While financial support is very important, both communities agree the exchange of culture, love and support is what matters most.

“We are so grateful for everything you do for us,” Osmin Salinas, president of the community’s governing body, said to the seven delegates who traveled to El Buen Pastor this June. “But the most important thing for us is not the money. It is that we have been able over the past 25 years to grow in faith and solidarity with one another.”

Though at times Good Shepherd considered twinning with a different community in need, Father Seuferling believed strongly in continuing the relationship with El Buen Pastor.

“[The people of El Buen Pastor] constantly said to us that they needed us there,” he said. “The people begged us not to abandon them. I believe consistency is crucial.”

While celebrating the 25th anniversary, everyone expressed hope in continued solidarity, especially Teresa Aley, who has traveled to the country 15 times and heads the El Salvador ministry at Good Shepherd.

“This anniversary celebrates not only the past 25 years,” Aley said. “This anniversary is a celebration of the next 25 years as well.”

Community of compassion

The story of El Buen Pastor is one familiar to most parishioners of Good Shepherd. Concern and compassion for the people of El Buen Pastor have grown in Good Shepherd, in addition to financial and spiritual support.

Though roughly 120 Good Shepherd parishioners have visited El Buen Pastor over the past 25 years, more than 10,000 parishioners have heard this story and supported the sistering relationship.

“Not everyone can travel to El Salvador,” Aley said. “We need to let people know how much this means to them and the difference this makes in their lives.”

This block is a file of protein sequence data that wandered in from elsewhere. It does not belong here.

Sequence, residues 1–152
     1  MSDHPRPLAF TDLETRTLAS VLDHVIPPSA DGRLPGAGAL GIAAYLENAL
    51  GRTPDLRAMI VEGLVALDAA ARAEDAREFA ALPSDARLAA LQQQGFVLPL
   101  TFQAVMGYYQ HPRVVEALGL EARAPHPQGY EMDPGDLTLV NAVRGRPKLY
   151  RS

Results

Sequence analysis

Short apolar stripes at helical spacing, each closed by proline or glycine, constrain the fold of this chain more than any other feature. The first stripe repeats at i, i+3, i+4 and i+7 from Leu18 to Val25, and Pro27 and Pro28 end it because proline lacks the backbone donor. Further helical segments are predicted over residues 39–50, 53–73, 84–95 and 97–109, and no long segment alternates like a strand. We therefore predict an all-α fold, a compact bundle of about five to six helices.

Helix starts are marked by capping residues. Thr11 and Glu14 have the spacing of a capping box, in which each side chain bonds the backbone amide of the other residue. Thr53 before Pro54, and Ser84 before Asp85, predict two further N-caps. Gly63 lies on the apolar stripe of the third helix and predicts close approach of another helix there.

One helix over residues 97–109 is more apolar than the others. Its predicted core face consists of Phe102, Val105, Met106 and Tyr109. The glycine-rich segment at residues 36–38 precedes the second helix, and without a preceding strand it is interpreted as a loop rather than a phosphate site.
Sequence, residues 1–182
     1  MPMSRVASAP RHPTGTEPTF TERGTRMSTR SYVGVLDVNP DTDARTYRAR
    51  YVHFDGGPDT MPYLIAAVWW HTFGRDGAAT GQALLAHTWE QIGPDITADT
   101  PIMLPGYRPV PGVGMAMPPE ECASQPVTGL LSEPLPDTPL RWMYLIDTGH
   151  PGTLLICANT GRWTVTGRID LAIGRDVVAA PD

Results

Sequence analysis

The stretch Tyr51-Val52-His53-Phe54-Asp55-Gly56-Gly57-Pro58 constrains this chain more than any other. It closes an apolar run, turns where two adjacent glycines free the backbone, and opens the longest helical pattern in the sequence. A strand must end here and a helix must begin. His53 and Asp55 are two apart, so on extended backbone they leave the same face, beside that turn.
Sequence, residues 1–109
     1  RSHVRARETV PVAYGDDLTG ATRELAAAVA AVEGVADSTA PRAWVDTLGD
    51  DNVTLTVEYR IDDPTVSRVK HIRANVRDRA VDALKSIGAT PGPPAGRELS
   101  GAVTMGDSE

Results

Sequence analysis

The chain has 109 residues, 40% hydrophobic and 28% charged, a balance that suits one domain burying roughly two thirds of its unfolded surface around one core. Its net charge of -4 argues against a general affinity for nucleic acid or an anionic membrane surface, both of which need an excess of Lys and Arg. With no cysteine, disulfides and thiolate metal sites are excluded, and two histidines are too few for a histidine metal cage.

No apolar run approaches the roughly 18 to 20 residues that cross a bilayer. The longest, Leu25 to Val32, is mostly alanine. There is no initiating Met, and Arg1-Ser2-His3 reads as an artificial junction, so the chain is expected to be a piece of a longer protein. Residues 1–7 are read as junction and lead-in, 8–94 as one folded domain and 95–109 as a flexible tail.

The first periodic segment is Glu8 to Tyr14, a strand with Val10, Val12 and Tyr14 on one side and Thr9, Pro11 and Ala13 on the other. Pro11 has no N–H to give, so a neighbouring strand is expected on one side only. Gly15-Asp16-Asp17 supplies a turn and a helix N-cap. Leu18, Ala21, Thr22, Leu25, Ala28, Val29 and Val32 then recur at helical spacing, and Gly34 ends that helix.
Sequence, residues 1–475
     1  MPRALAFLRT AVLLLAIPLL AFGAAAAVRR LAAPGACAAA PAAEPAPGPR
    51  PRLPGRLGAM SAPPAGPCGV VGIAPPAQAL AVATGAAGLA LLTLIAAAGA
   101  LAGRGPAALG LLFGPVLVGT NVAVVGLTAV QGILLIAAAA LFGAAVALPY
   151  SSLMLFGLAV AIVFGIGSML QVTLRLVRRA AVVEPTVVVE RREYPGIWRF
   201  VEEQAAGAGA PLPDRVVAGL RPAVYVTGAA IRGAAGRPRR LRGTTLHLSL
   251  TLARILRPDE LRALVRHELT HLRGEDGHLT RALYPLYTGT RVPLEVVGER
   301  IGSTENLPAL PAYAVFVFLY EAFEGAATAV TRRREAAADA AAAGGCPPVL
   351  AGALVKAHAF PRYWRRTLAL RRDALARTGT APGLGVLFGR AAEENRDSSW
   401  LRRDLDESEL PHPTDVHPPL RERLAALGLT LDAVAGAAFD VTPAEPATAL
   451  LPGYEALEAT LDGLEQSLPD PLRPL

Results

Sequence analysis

Good Shepherd students donate art supplies for the El Buen Pastor School. Fifth-grade Girl Scouts help make headbands for the young girls of the community. Parishioners donate soccer balls and vitamins to the community. Good Shepherd’s annual fundraiser includes a basket of clothes and other fabrics embroidered by women from El Buen Pastor.

And thus, even 25 years after that first delegation, Good Shepherd has kept the relationship alive, creating a community of compassion and awareness.

“Twenty five years is a long time for anything,” Aley said. “We are on our third term with a new pastor and [our relationship] is strong, if not stronger than ever. It’s the people and our connections that keep this going.”

From the Fathers

“Over the years, we considered moving [our ministry to a different community.] After all, El Buen Pastor is doing better, and many communities are worse off. But then we thought about the ripple effect. We are not just helping a little community; we are affecting the whole region.”

Father George Seuferling,
Good Shepherd pastor 1986 – 2001

“I will always treasure the gift of the living faith I experienced during my visit. The youngest to those wise with many years offered hearts of hospitality, hope in their poverty, patience with my language inability, and solidarity as we walked together the roads of El Salvador. Together, we share the loving care of our Good Shepherd.”

Father Francis Hund,
Good Shepherd pastor 2001 – 2009

“El Salvador is an experience in contrasts. War is over, while so many forms of violence remain. Saints and sinners live in a land inflamed by polarized differences. There is official peace, but not actual peace. And yet in our sister community of El Buen Pastor there is such joy, peace, and faith. My experience is that, purged by suffering, this is a community which beams joy . . . because of their faith. We look for love in the midst of plenty; they celebrate love in the midst of little. My visit there was truly inspiring!”

Father Jim Ludwikoski,
Good Shepherd pastor 2010 – present

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Katie Hyde